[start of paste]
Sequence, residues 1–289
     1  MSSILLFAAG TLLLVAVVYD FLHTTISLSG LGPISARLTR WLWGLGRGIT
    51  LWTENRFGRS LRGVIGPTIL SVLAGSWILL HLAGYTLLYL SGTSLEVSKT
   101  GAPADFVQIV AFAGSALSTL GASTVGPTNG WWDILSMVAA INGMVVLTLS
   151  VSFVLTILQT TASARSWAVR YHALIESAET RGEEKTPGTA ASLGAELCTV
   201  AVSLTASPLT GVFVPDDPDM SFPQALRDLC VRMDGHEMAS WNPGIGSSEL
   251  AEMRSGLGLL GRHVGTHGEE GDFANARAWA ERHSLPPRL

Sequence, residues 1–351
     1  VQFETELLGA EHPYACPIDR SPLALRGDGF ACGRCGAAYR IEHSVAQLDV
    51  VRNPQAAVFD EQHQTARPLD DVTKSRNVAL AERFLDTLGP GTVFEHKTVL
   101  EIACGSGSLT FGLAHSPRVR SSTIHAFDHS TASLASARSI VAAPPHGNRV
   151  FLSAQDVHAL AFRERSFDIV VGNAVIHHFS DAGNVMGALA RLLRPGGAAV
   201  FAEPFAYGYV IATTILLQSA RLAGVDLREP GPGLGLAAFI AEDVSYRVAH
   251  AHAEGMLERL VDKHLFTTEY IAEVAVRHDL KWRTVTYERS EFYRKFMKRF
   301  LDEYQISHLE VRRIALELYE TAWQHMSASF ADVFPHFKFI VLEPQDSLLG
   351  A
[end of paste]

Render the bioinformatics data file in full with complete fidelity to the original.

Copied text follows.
Sequence, residues 1–289
     1  MSSILLFAAG TLLLVAVVYD FLHTTISLSG LGPISARLTR WLWGLGRGIT
    51  LWTENRFGRS LRGVIGPTIL SVLAGSWILL HLAGYTLLYL SGTSLEVSKT
   101  GAPADFVQIV AFAGSALSTL GASTVGPTNG WWDILSMVAA INGMVVLTLS
   151  VSFVLTILQT TASARSWAVR YHALIESAET RGEEKTPGTA ASLGAELCTV
   201  AVSLTASPLT GVFVPDDPDM SFPQALRDLC VRMDGHEMAS WNPGIGSSEL
   251  AEMRSGLGLL GRHVGTHGEE GDFANARAWA ERHSLPPRL

Sequence, residues 1–351
     1  VQFETELLGA EHPYACPIDR SPLALRGDGF ACGRCGAAYR IEHSVAQLDV
    51  VRNPQAAVFD EQHQTARPLD DVTKSRNVAL AERFLDTLGP GTVFEHKTVL
   101  EIACGSGSLT FGLAHSPRVR SSTIHAFDHS TASLASARSI VAAPPHGNRV
   151  FLSAQDVHAL AFRERSFDIV VGNAVIHHFS DAGNVMGALA RLLRPGGAAV
   201  FAEPFAYGYV IATTILLQSA RLAGVDLREP GPGLGLAAFI AEDVSYRVAH
   251  AHAEGMLERL VDKHLFTTEY IAEVAVRHDL KWRTVTYERS EFYRKFMKRF
   301  LDEYQISHLE VRRIALELYE TAWQHMSASF ADVFPHFKFI VLEPQDSLLG
   351  A